07 October 2006

Combination: Capablanca - Molina and Ruiz, Buenos Aires 1914

This is the last game in this series on Capablanca's games 'to be studied'. The future World Champion introduced the game with:

During this second visit [to Buenos Aires] I played several games of the so-called brilliant kind. The inexperience of my opponents made it possible for me to obtain positions where a win could be best secured through the sacrifice of one or more pieces. I give below an example, which I feel sure will please both the dilettante and the connoisseur.

In the diagrammed position Capablanca played 23.Nxh7!, and wrote,

Better than 23.Rh3 when would follow 23...h6 24.Nxf7+ Nxf7 25.Bxc4 d5. I daresay very few masters would have made this sacrifice. It requires not only very great power of combination, but what is still more, exceedingly accurate judgement. A very careful analysis will demonstrate that the sacrifice is absolutely sound.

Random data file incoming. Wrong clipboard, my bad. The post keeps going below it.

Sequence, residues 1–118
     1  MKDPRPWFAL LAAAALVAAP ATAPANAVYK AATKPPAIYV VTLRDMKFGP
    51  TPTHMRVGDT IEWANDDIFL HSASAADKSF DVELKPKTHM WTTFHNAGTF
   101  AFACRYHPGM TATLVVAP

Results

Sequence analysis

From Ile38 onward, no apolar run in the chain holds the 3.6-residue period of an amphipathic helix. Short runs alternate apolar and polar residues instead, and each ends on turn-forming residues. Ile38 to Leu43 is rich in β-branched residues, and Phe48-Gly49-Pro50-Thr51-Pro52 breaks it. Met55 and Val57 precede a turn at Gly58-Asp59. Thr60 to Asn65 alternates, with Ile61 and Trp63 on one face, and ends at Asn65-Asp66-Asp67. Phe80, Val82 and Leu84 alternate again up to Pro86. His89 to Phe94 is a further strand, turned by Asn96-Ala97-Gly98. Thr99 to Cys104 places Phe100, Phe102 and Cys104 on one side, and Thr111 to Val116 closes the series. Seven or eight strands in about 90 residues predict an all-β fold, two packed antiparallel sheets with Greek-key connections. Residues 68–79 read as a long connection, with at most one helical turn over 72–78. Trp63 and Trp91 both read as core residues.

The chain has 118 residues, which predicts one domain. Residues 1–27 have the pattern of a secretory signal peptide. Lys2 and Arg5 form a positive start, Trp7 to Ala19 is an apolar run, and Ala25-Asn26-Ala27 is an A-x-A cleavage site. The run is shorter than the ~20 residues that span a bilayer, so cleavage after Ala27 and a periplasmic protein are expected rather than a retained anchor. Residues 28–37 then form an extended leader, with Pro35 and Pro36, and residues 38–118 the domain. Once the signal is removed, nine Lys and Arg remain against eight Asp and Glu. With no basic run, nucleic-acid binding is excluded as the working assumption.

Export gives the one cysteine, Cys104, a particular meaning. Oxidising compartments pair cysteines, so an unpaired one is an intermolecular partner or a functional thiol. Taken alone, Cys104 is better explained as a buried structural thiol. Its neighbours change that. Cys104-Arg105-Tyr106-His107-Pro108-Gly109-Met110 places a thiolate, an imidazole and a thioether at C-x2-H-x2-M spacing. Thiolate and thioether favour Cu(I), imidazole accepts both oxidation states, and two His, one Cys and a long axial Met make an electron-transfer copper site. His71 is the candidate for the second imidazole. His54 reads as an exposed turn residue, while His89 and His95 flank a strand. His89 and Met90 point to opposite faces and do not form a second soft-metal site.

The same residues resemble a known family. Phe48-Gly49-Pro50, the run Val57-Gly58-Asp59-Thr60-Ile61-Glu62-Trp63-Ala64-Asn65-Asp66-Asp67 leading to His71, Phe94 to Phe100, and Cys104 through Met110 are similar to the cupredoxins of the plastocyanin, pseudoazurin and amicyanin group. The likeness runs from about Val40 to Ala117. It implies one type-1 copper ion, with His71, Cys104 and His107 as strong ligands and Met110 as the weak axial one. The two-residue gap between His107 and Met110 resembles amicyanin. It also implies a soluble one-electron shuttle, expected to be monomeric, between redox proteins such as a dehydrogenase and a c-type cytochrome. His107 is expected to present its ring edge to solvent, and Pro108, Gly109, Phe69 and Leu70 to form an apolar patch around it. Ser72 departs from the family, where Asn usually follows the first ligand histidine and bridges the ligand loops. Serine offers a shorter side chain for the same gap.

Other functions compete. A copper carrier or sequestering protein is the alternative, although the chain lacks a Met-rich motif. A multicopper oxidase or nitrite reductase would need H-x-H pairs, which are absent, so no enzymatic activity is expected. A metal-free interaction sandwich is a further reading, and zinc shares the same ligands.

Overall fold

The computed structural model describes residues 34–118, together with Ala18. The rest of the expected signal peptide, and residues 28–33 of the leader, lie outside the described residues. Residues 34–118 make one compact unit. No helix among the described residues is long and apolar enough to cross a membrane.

Buenos Aires 1914
L.Molina and E.Ruiz

Capablanca, Jose Raul
(After 23...b5-c4(xP))
[FEN "r2nqr1k/1p3bpp/3p1n2/2p1pPN1/2p1P2Q/P2P1R2/BP1B3P/R5K1 w - - 0 23"]

The game continued 23...Nxh7 24.Rh3 Bg8. Capablanca:

24...Bh5 was no better. White could play 25.Qxh5 with advantage, but still better might be 25.Bxc4.

25.Bxc4 Rf7 Capablanca:

No doubt 25...Nf7 looks like the right move. White, however, could continue with 26.Kh1 in order to play 27.Rg1, and could also carry the game quickly by assault as follows: 26.f6! g5 27.Qh5 Nd8 28.Qh6! Rf7 29.Bxg5 Qf8 30.Kh1! Qxh6 31.Bxh6 Rxf6 (31...Nxf6 32.Rg1) 32.Rg1.

26.Kh1 b5 27.Bd5 Raa7 28.Rg1 Rf6 29.Bg5 Raf7 30.b3! Capablanca:

Now that the Black pieces are pinned, White proceeds to obtain a passed Pawn with which to win the game.

The allies resigned around the 40th move. To play through the complete game see...

Jose Raul Capablanca vs R Molina, Buenos Aries cg 1914

...on Chessgames.com. How many errors can you spot in the game's heading?

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